Dan Choi, high-profile activist against Don't Ask, Don't Tell, walked into a Times Square Army recruitment office asking to return. Another activist described the reaction to the decision on his base as a "giant shoulder shrug of ‘so what?' "

In case you're just tuning in now, gays and lesbians can now be open about their sexual orientation, if they choose to do so, without penalty of discharge, as long as a federal judge's injunction against Don't Ask Don't Tell holds. Because this could change if the Department of Justice wins its appeal, it most immediately benefits those who have already come out of the closet; those who have not are being encouraged by the Servicemembers Legal Defense Network to hold off until the change is permanent.

Choi, who made his move surrounded by cameras, was told by recruiters that he would be processed. He may or may not get his rank back. A West Point graduate with a degree in Arabic, Choi famously came out on The Rachel Maddow Show and was subsequently discharged. 59 Arabic linguists have been discharged since 2004. Because, you know, we didn't really need them anyway.

This respite from the discriminatory policy, however temporary, allows us to see what would really happen if gays were allowed to openly serve. Surely it would turn the world upside-down!

But the director of the Log Cabin Republicans, who is in the Army Reserve, told The New York Times that troops were nonchalant about the whole thing:

Mr. Cooper, a member of the Army Reserve, said that he was taking part in training last week at Fort Huachuca in Arizona when the injunction was issued, and that he was surprised by the lack of visible opposition or outcry...Most of the people he was with, he added, were younger members of the service, and "a few people actually thought repeal had already occurred."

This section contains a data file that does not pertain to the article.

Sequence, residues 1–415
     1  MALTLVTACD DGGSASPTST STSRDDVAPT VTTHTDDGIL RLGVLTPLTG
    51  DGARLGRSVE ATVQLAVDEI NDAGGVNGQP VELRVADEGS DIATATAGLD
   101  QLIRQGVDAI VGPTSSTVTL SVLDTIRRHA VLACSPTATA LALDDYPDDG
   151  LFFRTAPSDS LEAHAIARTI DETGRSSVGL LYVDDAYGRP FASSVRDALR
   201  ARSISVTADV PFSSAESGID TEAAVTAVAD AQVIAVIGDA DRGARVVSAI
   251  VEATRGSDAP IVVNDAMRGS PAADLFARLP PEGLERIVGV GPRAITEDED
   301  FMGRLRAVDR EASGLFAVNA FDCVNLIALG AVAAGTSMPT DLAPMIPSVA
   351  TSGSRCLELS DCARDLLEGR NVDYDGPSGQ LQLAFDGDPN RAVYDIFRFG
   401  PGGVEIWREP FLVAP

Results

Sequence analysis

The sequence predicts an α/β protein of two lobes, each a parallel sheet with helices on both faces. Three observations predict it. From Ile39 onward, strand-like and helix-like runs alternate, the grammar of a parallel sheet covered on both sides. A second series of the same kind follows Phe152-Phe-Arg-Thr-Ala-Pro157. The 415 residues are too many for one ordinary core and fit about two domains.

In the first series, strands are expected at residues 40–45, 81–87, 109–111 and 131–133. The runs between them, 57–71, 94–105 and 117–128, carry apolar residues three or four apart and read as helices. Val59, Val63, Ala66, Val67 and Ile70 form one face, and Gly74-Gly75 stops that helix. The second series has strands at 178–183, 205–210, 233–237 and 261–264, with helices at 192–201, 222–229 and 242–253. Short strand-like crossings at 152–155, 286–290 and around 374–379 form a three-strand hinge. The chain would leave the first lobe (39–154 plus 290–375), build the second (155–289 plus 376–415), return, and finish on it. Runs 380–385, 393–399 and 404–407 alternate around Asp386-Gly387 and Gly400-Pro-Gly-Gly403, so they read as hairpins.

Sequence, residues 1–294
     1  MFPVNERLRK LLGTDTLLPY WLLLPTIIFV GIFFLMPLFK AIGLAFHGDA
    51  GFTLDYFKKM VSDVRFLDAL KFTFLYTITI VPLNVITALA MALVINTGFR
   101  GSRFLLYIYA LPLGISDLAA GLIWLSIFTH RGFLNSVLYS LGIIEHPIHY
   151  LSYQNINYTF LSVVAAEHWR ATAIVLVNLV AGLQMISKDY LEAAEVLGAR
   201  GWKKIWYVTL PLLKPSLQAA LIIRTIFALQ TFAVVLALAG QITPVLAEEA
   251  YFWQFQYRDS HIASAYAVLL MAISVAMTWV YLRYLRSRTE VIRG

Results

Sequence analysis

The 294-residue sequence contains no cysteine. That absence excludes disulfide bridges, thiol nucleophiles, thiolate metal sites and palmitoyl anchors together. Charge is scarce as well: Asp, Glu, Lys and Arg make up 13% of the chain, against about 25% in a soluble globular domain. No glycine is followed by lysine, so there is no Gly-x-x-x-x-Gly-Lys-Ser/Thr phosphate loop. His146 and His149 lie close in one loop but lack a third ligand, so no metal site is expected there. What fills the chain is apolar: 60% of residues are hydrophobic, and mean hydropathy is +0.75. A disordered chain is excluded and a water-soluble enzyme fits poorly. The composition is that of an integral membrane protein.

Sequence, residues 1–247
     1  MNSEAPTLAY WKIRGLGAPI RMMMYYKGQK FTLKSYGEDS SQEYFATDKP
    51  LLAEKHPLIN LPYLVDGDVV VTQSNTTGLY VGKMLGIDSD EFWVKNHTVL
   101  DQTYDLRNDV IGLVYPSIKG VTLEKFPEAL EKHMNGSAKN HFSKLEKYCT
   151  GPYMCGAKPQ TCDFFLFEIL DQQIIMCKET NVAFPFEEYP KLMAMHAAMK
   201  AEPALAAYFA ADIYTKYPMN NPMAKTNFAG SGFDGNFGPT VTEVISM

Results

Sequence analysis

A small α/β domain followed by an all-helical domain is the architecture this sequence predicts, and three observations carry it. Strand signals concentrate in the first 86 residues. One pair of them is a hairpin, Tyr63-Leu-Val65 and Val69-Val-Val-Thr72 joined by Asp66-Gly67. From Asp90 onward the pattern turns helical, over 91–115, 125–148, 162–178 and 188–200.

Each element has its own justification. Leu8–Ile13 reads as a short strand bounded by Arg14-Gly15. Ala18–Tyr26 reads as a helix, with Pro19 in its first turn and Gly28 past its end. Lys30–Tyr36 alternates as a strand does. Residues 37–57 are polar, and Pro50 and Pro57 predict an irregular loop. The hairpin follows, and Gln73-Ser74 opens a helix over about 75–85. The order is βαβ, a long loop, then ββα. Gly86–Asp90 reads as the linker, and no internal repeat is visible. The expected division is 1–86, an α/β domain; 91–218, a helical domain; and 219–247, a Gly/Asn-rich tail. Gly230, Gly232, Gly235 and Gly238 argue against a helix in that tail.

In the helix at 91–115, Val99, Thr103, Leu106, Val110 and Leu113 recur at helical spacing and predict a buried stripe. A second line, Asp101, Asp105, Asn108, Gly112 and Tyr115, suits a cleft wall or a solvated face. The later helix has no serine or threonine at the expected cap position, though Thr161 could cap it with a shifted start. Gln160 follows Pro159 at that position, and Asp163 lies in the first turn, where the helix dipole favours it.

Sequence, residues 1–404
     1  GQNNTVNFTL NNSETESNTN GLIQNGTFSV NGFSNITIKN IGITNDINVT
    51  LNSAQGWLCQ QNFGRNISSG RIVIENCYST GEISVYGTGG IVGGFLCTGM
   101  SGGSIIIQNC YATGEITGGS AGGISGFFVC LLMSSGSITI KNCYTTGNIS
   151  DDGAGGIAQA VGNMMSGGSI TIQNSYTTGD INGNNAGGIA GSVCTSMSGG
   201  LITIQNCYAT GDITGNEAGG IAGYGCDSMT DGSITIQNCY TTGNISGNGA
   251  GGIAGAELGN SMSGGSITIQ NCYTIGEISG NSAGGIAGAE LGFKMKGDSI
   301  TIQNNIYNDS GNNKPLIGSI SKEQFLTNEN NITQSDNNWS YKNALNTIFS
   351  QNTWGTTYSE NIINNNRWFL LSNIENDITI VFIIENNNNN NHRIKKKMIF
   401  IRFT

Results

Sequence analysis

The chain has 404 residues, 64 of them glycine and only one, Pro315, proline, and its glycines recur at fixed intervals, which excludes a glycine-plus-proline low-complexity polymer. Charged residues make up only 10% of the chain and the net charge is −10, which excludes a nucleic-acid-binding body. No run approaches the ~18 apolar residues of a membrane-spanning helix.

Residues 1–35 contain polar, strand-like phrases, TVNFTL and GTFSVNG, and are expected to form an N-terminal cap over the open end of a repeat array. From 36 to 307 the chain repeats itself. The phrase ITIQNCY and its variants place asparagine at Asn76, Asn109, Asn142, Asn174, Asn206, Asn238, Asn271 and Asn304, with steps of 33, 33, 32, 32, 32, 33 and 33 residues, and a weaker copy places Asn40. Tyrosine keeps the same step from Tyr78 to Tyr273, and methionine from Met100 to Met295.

But the commandant of the Marine Corp had a very different take on how heterosexual servicemembers would handle the change:

Gen. James Conway, commandant of the Marine Corps, has said most Marines oppose reversing the "don't ask, don't tell" policy....

"My observation when we survey our Marines is that you're as likely to have Pfc's and lance corporals shoot their hand in the air when you ask the question about unit cohesion or good order and discipline (suffering) as you are the crusty old master sergeant," Conway said. He said opposition to gays serving openly is particularly strong within combat units.

In other words, he says, young marines are no less homophobic than their older counterparts, at least when asked leading questions about "good order and discipline." Should that be the case, the burden is not on the gay servicemembers to make them comfortable. The burden is on the leadership to vigorously impose standards of respect and non-discrimination. Too much to ask?

U.S. Military Moves to Accept Gay Recruits [NYT]
Military To Accept Openly Gay Recruits [USAT]